Al-Maliki stresses the need to safeguard the State of institutions, and says the country should not be run by one individual, or one leader, minister, or one central government, for in the new political system there should be a strong central government and also strong provincial governments capable of acting and providing services. He says when they talk about government support they should not mean only the ministries but should also talk about local and provincial governments, and when ministers are criticized, governors, directors, and officials should also be criticized. He says in the past there was an iron-fisted central government that gave no powers to the provinces, while today the will of the governorates and provincial councils and the governors has been revived, and therefore “we should call each other to account.”
Within the context of the need to help one another to piety and doing what is good, Al-Maliki talks about a just and strong judiciary where the judge does not hear threats from militias, terrorists, a political party, or an influential sect. Continuing the theme of the same Koranic verse which also says “do not help one another to sin and aggression,” Al-Maliki says defending a “bitter experience in Iraq’s history” is a transgression, polishing the image of the corrupt among officials of the former regime is transgression, the attempt to clone the past experience is transgression, and relinquishing Iraq’s sovereignty and unity is transgression. He says the tribes are capable of dealing with the concepts of piety, doing good, and transgression, adding that transgression also involves the spreading of corruption or promoting those who spread destructive ideas, or those “who want to clone the experiences of failure because they used to benefit from them at the time.”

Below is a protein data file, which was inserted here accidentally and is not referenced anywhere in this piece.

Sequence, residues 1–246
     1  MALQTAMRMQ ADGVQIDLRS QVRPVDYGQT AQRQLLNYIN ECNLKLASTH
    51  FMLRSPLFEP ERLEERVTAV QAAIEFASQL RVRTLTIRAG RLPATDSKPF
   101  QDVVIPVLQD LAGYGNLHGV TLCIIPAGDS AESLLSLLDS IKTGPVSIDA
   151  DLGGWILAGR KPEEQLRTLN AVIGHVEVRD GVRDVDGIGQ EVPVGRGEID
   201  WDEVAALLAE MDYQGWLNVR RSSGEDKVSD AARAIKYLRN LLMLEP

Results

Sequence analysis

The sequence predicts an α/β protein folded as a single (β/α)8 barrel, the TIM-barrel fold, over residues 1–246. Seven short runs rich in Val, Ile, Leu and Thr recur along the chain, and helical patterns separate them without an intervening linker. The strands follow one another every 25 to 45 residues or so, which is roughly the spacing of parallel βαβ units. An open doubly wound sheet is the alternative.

Al-Maliki says that thanks to the will of the national unity government and the determination with which they triumphed over terror it was possible to stop the slide towards civil war “for which some ignorant people or those who echoed the will of external agendas had applauded.” He says civil war was not stopped by military force but by wisdom in dealing with others and cooperation and everyone’s efforts, and by the national reconciliation towards which some people initially took a negative stand. He says there is need for such conferences like the present conference which involves uniting the tribe so that it will be a solid pillar in building the state of law and institutions, adding: “I wager on your awareness, patriotism, and history which can serve as a basis for building Iraq.”